Effects that are special in story with a sugar surplus

Posted: November 16, 2007

Mr. Magorium's Wonder Emporium is the greatest toy store in the universe and the subject of a candy-colored movie confected with obvious care.

Yet the family-friendly film presents the viewer with a paradox that not even Mr. Magorium (Dustin Hoffman), the 243-year-old proprietor of his self-titled wonderland, could explain.

The sight of a store that has mood swings is charming. Harlequinish Hoffman is charming - to a point. Impish Natalie Portman, as his clerk, is charming. Ditto Jason Bateman, the accountant examining the books. But these agreeable elements add up to a uniquely charmless experience.

Some filmmakers gild the lily; with Magorium, Writer/director Zach Helm caramel-coats the sugarplum. His toothache-inducing film should come with fluoride.

Scribe of the enchanting Stranger Than Fiction, Helm makes his directorial debut here with a story that is likewise a life-affirming allegory of a numbers guy who learns the value of magic. (It's also about an immortal, Mr. Magorium, who greets death like an old friend.)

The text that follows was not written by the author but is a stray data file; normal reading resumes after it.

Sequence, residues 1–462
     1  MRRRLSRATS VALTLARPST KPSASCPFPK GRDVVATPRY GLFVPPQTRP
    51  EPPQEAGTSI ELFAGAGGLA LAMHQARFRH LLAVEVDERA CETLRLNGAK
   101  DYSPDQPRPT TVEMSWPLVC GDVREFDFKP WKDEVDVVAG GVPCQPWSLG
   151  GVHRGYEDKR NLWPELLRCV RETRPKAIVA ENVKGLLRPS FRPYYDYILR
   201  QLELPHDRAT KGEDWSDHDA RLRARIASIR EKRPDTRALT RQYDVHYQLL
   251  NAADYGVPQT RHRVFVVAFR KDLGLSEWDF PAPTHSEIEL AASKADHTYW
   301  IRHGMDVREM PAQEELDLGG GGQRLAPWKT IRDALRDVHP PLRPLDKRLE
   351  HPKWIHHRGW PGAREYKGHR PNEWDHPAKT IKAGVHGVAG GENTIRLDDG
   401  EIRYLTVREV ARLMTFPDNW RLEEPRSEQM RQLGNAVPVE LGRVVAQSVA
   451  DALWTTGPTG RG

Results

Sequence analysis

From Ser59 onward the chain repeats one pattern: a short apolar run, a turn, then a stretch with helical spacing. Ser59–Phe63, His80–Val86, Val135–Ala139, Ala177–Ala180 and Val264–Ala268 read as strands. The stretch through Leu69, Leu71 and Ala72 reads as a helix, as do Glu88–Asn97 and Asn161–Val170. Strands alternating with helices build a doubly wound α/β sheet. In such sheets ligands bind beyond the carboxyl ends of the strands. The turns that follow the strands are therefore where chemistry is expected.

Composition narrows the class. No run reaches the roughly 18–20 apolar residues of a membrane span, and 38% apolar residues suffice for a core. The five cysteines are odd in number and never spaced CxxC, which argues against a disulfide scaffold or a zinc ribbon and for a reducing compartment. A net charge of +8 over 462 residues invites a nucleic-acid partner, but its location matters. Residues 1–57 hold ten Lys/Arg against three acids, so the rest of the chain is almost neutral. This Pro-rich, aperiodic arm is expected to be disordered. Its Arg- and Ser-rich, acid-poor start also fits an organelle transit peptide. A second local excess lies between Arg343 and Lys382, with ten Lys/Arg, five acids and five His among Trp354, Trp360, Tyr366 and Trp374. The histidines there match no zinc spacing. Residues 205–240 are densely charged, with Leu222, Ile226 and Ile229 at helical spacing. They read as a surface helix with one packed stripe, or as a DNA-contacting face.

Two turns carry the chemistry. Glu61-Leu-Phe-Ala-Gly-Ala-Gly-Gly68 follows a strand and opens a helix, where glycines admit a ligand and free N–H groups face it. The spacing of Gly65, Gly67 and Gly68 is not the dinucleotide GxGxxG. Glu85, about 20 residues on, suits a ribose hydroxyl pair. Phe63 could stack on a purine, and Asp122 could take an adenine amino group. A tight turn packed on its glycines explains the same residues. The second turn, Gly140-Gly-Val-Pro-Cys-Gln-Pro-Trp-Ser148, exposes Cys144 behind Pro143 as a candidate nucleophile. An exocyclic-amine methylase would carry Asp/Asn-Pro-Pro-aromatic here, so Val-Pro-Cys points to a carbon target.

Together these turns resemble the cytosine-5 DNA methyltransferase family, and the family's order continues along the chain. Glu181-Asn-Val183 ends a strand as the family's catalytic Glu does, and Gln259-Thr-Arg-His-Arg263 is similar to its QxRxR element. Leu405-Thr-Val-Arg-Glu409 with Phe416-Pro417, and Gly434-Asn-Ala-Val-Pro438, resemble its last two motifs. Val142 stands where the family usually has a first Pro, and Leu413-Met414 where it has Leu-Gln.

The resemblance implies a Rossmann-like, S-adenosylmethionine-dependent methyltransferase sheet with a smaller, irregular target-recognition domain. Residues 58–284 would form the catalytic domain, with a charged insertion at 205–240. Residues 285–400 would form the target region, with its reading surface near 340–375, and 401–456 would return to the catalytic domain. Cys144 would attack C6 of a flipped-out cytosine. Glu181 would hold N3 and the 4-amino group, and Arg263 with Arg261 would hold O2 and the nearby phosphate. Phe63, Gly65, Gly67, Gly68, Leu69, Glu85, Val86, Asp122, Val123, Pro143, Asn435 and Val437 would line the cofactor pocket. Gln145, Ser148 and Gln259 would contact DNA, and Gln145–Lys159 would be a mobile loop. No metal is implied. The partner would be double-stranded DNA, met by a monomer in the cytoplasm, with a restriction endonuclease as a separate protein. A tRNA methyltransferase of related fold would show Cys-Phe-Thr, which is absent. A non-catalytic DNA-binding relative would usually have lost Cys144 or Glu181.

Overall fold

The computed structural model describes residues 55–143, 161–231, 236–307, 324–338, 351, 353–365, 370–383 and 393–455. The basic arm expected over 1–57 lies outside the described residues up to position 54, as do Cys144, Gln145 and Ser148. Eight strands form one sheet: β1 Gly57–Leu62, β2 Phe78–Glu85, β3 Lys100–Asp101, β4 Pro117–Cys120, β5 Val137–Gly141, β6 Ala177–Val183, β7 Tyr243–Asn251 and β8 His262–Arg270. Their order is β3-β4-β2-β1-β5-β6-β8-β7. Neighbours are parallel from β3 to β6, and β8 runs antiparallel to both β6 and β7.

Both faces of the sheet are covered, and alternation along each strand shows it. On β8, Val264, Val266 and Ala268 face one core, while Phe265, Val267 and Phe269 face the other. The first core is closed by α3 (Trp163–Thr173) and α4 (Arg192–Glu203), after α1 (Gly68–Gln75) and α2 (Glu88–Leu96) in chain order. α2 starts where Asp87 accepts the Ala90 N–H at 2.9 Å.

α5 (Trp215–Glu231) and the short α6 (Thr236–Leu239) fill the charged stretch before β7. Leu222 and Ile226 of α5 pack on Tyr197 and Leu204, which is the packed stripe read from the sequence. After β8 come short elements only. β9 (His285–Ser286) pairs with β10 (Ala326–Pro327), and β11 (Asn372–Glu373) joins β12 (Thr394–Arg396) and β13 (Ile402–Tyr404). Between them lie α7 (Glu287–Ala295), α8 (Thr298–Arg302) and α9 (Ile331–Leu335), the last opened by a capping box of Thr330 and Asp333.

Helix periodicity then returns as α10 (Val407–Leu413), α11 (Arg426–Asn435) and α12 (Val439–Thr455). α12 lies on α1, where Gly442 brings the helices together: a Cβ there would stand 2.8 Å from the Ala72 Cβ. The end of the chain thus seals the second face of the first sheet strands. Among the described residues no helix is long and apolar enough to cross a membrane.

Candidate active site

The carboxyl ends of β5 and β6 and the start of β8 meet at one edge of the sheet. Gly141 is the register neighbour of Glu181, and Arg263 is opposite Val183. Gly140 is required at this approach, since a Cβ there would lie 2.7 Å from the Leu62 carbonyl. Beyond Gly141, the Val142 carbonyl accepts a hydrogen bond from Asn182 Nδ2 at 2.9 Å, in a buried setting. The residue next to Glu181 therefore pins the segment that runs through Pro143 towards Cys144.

In this G-rated movie the effects are gee-whiz, with live giraffes amid the stuffed animals and bouncy balls so manic that they could use some Ritalin. The production design, however, gloriously realized by Therese DePrez, effectively upstages the characters. (Kids, especially those who don't require a coherent narrative, will voraciously gobble up the visuals.)

Perhaps thinking in pictures led Helm to clutter his screen with TMVI - too much visual information. Magorium is a shoe fetishist, Eric (Zach Mills), a young emporium customer, is a hat collector, waifish Molly (Portman) a musician stalled in composing her symphony.

My guess is that Helm conceived this film with its four principals as movements in his own cinematic symphony, and that he, too, got stalled before the ending.

Mr. Magorium's Wonder Emporium ** (out of four stars)

Written and directed by Zach Helm. With Dustin Hoffman, Natalie Portman, Jason Bateman.

Distributed by 20th Century Fox.

Running time: 1 hour, 34 mins.

Parents' Guide: G

Playing at: area theaters

Contact movie critic Carrie Rickey

at 215-854-5402 or crickey@phillynews.com.

Read her blog, "Flickgrrl," at http://go.philly.com/flickgrrl/.

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